UNITED NATIONS – Russia called Thursday for the closing of the Turkey-Syrian border to prevent the Islamic State and the Al-Nusra Front extremist groups from receiving foreign fighters and weapons into Syria — and from exporting oil, artifacts and other goods.
Russia's U.N. Ambassador Vitaly Churkin told a Security Council meeting on "countering terrorism" that members should also think about imposing a complete trade and economic embargo against the Islamic State group.
Churkin said in a recent letter to the council that Turkey is the main supplier of weapons and ammunition to IS fighters and that $1.9 million worth of explosives and industrial chemicals were smuggled across Turkey's border to extremist groups. Turkey's U.N. Mission rejected the allegations as "baseless."
Churkin accused Turkey on Thursday of "complacency or inaction" in allowing fighters and weapons to cross into Syria and the bulk of IS oil to be exported along with cultural artifacts.
"If Turkey feels that it is doing everything necessary to curtail the flows of supplies to terrorists, this could be corroborated by independent monitors," he said.
Churkin called on the Turkish government "on a voluntary basis" to invite international observers to its borders with Syria and the port of Ceyhan.
Secretary-General Ban Ki-moon told the Security Council that more than 30,000 people from all over the world have joined IS campaigns in Iraq and Syria. He urged member states "to take more concrete steps to stop fundraising through the smuggling of oil and gas, the illicit trade of cultural artifacts, kidnapping for ransom and donations from abroad."
Russia and China introduced a draft U.N. resolution Wednesday aimed at preventing "terrorists" from preparing or using chemical weapons in Syria.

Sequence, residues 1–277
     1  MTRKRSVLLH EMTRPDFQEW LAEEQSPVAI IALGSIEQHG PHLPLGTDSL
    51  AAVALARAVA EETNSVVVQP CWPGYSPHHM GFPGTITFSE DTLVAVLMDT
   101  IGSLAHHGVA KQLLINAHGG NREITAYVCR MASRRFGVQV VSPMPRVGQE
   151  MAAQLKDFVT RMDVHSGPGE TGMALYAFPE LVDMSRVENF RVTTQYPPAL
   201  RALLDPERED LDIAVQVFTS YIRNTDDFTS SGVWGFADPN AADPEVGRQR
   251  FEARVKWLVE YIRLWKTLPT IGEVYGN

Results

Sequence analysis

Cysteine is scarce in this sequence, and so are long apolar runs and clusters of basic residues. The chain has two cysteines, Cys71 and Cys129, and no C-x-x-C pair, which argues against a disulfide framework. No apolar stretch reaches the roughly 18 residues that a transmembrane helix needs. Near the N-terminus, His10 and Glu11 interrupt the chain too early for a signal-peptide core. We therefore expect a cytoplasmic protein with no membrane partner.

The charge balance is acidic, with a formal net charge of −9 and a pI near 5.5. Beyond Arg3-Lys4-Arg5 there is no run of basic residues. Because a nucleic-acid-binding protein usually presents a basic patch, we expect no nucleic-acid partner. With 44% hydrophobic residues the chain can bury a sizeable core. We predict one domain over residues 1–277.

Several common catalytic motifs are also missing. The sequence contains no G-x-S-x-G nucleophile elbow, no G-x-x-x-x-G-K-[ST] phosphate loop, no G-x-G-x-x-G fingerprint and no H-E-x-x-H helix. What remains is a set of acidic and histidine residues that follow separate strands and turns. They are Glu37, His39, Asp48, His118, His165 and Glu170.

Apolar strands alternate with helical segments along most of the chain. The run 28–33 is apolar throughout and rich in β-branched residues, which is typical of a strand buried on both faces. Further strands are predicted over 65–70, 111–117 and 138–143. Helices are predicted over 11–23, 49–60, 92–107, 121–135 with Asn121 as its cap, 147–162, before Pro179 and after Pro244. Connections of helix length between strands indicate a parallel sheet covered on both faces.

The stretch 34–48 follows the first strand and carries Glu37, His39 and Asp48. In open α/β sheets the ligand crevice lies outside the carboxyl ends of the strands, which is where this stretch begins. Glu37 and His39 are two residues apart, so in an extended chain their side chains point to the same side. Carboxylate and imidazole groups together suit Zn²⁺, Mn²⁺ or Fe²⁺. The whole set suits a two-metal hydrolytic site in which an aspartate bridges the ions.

Churkin told the council Thursday that fighters from various radical groups have used "toxic poisonous substances" this year, singling out a known case of IS using mustard gas in Deir el-Zour.
He said the draft resolution fills a gap in council resolutions and expressed hope for its speedy adoption.
The draft resolution would require countries — especially Syria's neighbors Turkey and Iraq — to immediately report any actions by extremist groups to transfer, develop or acquire chemical weapons to the Security Council and to an international body charged with establishing who is responsible for chemical attacks in Syria.
The draft would also require that body — the Joint Investigative Mechanism or JIM — to monitor any alleged activities and report monthly to the Security Council.
A Security Council diplomat, speaking on condition of anonymity because discussions about the draft resolution were private, questioned any monitoring by the JIM, which has a very small staff. The diplomat suggested Russia might be trying to divert the JIM from determining responsibility for seven alleged chemical attacks by a September deadline, noting that the Syrian government, Moscow's close ally, has been accused in several cases.